Another injustice with the use of fossil fuel is that the price of petrol and diesel at the filling station pump is not reflecting the true environmental costs of oil. The Victoria Transport Policy Institute (VTPI) broke down the costs of operating a vehicle into 20 transport cost categories, the internal and external costs of transportation. External costs that are not accounted for in regular calculations are for example congestion costs, land value, traffic services, air and water pollution costs, noise costs, external costs of resource (petroleum) consumption. The external costs add up to $0.33 per mile. Internal costs are $0.68 per mile. At 2300 billion miles of travel this adds up to $2328 billion which equals 40% of the US GNP40.

Future injustice is done to the generations to-come, that we deprive of the same chances we have, by using up non-renewable resources leave them pollution and depleted resources. Fossil Energy Carriers represent valuable resources for Chemical and Pharmaceutical processes, which can not be replenished within a human life span if wasted as fuels. The consumption of resources and production of waste means an irreversible depreciation of nature through economic processes (Entropy).

Termination of oil reserves

IEA estimates that oil production from known reserves that are economically exploitable today will be capable of increasing no further beyond 2015, leaving demand to be covered by new and, in some cases, as yet unknown unconventional sources41.

World total crude oil reserves were estimated to be between 1032 and 1018 billion barrels.

50-54 billion barrels lie in North America, mostly Mexico and the US. Numbers for Central and South America vary between 96 and 69 billion barrels with Venezuela (with 73 to 81% of SA oil) being by far the oil richest. Western Europe only possesses 17 million barrels, Norway and the UK being the main shareholders. Most Eastern Europe & Former U.D.S.S.R. oil reserves are found in Russia: around 50 of 58 to 67 billion barrels. Africa’s 77 to 95 billion barrels are found mainly in Nigeria and Libya. China possesses more than half of Asia & Oceania’s 44 to 57 billion barrels. However, the 663 to 686 billion barrel rest of the world crude oil reserves lay in the Middle East:

The Iraq is thought to have about 114 billion barrels, Saudi Arabia 98,42 the United Arab Emirates 63 to 98 and Iran 90 to 9943.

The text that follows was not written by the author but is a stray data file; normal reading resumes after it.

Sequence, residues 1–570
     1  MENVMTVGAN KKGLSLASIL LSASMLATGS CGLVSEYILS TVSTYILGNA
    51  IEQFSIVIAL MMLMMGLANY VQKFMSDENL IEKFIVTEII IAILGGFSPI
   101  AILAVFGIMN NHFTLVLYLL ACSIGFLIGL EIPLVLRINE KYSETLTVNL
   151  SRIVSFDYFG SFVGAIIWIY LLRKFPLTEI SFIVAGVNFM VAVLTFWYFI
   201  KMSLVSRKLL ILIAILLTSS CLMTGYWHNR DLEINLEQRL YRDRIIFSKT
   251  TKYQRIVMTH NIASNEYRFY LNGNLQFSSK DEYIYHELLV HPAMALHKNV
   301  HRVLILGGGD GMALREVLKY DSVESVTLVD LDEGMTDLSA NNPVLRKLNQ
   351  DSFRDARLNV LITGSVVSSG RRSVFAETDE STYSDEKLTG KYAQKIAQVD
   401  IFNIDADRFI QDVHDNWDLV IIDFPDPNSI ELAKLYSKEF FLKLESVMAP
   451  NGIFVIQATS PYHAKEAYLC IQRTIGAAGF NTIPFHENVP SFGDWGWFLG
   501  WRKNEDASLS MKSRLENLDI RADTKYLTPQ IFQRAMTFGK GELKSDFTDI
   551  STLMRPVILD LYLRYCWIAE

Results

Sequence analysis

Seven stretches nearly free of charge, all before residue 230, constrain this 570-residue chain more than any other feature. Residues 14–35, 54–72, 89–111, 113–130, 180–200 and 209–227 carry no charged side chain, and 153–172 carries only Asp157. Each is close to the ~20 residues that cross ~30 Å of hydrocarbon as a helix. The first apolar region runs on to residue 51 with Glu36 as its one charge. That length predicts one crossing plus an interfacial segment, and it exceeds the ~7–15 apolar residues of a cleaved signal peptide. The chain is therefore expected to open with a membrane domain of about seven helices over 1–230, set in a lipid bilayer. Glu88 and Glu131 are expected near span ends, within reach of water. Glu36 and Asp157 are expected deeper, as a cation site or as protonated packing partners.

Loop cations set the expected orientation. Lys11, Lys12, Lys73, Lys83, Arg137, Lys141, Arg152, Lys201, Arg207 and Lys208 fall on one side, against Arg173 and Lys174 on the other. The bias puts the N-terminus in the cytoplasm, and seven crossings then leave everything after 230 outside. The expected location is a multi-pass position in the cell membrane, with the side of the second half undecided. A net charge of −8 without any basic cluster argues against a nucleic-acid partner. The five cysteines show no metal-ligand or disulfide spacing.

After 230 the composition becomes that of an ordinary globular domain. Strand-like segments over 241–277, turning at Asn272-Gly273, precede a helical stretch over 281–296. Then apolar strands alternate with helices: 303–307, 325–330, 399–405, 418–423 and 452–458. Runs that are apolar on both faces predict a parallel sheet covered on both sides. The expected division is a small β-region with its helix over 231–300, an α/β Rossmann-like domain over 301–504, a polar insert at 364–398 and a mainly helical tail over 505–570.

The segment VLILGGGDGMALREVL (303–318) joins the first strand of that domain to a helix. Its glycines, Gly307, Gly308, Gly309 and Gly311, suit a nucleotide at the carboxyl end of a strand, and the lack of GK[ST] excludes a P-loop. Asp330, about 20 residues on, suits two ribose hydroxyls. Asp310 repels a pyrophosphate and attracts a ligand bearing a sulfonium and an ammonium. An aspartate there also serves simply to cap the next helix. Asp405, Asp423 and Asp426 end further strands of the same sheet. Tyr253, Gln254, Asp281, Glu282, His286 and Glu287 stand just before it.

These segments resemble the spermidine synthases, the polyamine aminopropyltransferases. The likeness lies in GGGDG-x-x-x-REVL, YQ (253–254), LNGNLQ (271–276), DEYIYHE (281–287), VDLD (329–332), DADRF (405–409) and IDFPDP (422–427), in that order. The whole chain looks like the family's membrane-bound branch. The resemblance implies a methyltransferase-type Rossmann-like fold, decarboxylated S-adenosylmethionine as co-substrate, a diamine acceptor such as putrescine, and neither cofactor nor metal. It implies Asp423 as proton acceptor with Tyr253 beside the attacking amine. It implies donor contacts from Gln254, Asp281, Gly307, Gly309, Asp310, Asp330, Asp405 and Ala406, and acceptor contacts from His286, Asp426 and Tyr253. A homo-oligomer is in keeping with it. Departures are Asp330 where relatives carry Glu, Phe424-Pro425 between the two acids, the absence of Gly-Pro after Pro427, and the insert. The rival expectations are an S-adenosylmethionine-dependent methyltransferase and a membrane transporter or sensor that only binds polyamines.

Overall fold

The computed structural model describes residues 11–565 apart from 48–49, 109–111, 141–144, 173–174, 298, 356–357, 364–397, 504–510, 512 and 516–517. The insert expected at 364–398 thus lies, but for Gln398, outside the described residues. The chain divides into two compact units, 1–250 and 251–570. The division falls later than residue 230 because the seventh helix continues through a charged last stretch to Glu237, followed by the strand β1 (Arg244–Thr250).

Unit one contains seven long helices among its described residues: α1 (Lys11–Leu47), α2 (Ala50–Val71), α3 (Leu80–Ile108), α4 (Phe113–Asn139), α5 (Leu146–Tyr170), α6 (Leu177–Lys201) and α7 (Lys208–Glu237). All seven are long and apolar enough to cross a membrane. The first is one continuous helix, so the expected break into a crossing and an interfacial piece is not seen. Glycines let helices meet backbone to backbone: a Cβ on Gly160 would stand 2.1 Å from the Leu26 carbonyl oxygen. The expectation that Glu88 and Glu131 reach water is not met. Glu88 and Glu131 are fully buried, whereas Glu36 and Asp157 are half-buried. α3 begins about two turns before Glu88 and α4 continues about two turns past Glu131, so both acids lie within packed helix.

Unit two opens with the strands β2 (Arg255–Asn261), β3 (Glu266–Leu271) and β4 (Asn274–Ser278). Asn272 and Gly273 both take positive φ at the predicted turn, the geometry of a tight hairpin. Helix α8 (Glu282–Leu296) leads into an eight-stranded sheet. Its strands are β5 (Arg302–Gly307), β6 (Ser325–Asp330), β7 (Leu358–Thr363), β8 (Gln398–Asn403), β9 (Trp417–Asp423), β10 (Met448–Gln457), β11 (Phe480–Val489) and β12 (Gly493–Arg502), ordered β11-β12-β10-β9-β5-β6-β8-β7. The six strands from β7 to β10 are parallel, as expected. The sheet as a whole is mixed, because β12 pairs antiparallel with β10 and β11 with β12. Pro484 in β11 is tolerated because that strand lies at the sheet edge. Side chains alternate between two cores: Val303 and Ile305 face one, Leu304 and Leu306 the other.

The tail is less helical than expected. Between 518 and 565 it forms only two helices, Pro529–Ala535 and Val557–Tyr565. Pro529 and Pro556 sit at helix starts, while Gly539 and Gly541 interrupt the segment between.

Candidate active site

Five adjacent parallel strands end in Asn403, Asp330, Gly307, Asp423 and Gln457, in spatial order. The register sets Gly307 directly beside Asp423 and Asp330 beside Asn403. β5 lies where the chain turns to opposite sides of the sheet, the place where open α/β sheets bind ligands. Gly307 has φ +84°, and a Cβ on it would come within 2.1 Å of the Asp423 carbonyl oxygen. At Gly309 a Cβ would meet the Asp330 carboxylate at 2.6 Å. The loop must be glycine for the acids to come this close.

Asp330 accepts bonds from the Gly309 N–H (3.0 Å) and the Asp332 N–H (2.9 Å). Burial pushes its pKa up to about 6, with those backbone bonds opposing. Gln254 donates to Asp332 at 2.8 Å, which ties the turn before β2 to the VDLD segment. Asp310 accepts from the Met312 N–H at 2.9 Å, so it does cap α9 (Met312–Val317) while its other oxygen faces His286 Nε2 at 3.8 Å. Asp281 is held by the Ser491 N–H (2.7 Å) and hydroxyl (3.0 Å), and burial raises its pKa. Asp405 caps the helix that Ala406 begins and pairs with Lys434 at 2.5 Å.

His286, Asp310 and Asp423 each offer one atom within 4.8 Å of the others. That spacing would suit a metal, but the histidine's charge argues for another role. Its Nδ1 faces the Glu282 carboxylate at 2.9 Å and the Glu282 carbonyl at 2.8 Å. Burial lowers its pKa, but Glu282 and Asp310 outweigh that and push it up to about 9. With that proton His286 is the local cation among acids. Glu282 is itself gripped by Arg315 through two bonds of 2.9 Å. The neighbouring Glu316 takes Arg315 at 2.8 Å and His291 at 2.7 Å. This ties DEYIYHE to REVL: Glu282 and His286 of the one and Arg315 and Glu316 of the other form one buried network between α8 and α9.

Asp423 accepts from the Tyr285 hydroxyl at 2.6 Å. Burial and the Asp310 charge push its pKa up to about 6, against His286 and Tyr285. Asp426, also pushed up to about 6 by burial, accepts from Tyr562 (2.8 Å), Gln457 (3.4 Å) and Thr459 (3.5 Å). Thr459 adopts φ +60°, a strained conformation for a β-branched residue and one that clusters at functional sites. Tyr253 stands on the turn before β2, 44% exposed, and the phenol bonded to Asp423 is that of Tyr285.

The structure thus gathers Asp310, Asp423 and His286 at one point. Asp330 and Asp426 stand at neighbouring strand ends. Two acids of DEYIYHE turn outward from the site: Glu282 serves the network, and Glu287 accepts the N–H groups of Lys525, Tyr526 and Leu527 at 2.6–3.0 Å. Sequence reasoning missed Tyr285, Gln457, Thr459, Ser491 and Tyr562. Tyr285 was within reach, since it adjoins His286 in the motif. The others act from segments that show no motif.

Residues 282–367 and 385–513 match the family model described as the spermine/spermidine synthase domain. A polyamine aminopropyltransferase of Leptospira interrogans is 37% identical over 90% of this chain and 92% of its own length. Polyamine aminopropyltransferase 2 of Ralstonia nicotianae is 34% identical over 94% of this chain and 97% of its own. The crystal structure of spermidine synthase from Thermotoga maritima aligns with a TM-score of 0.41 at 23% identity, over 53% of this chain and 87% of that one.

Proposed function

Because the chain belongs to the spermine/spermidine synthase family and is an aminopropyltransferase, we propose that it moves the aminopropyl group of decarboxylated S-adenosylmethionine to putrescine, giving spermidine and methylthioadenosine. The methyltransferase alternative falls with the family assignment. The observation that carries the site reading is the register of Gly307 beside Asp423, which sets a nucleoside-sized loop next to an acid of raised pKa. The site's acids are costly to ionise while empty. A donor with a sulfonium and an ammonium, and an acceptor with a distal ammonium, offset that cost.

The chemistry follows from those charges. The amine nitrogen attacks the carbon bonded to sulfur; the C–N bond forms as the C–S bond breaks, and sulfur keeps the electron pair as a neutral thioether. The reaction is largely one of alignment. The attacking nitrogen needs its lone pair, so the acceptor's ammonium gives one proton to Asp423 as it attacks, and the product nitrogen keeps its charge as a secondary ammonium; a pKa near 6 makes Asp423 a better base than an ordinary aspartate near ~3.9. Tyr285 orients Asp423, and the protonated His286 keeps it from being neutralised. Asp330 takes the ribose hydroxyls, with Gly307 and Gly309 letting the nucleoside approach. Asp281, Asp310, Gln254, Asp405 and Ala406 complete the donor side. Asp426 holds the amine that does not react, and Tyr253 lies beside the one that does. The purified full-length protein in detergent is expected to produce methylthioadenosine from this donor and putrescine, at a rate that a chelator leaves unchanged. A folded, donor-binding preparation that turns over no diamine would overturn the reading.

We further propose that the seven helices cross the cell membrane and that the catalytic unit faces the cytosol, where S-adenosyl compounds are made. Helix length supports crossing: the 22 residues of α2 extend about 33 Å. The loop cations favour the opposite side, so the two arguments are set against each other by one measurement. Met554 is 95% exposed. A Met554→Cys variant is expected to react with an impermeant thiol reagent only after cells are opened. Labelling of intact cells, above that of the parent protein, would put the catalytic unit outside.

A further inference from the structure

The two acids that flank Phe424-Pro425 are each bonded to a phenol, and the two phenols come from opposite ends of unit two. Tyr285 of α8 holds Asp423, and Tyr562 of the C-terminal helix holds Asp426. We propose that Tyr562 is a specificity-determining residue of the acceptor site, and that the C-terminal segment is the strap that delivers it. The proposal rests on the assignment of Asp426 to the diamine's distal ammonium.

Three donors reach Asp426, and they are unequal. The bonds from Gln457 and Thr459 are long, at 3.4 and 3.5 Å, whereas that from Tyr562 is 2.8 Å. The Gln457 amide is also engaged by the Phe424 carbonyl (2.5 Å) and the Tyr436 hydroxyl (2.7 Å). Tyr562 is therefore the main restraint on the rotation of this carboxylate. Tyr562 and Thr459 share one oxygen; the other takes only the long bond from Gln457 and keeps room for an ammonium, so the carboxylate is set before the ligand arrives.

Abbildung in dieser Leseprobe nicht enthalten

Figure 2: Crude Oil Reserves in Billion Barrel, January 200244

According to EIA numbers for 2001, 13.16 million barrels of petroleum per day are used for transportation in the US45. That equals two-thirds of the 20 million barrels of the total daily US oil consumption46 or the all-time high of 164.8% of the domestic oil production47 (the US has to import more than 50% of its petroleum needs). This again shows the top priority of finding a renewable energy source especially for the transportation sector.

2.3 Economic dependence on finite resources

Industrialization was made possible by the use of fossil fuels but it also led to a lack of energy diversity and made the resulting economy and society heavily dependant on the utilization of fossil fuels, mainly for transportation and power production.

Amongst those fossil fuels, oil is the most important resource for global economy. Problems with that indispensable resource arise, as it is unevenly distributed on earth. The big oil reserves concentrate in a few countries48.

The demand for oil it is irregularly spread as well, depending on the degree of industrialization and amount of people living in a country. The 2002 average daily demand in the US was 19.66 million barrels; the total world demand was 77.43 million barrels. This means the US is responsible for more than 25% of the world’s oil demand. But it only produces 9.08 million barrels49 or 17% of the total world production, thus the deficit of more than 10 million barrels of oil a day, which is more than 50% of its demand, has to be imported50. US oil imports are expected to grow to 68 percent by 202554. 1999 per capita oil consumption in the US and Canada amounts to almost 3 gallons per day whereas the world average is just above 0.5 gallons51. But fast growing economies especially in Asia will catch up speedily and increase the total world oil demand to 99 million barrels per day by 201552.

Control of the Oil Market

The Organization of the Petroleum Exporting Countries (OPEC) is the single largest entity impacting the world's oil supplies. It is a consortium of 11 countries that account for 40 percent of the world's oil production and 77 percent of the world's oil reserves: Algeria, Indonesia, Iran, Iraq, Kuwait, Libya, Nigeria, Qatar, Saudi Arabia, the United Arab Emirates, and Venezuela52.

OPEC can control crude oil prices by raising or reducing its own production and adjusting it to the production of Non-OPEC countries. Short supply of crude oil, but also the sheer possibility of future reductions makes gasoline prices jump.

The oil production of non-OPEC countries like the United States, Mexico, Canada, Angola, Equatorial Guinea, Russia and China is expected to rise by 1.4 million barrels per day over the next two years51. However, their resources are not so extensive and easily accessible as some of the big Middle Eastern oil producers (compare above). As a result the price of the produced oil is higher and the depletion rate increases which only marginally improves dependence of OPEC and just defers the problems into the future.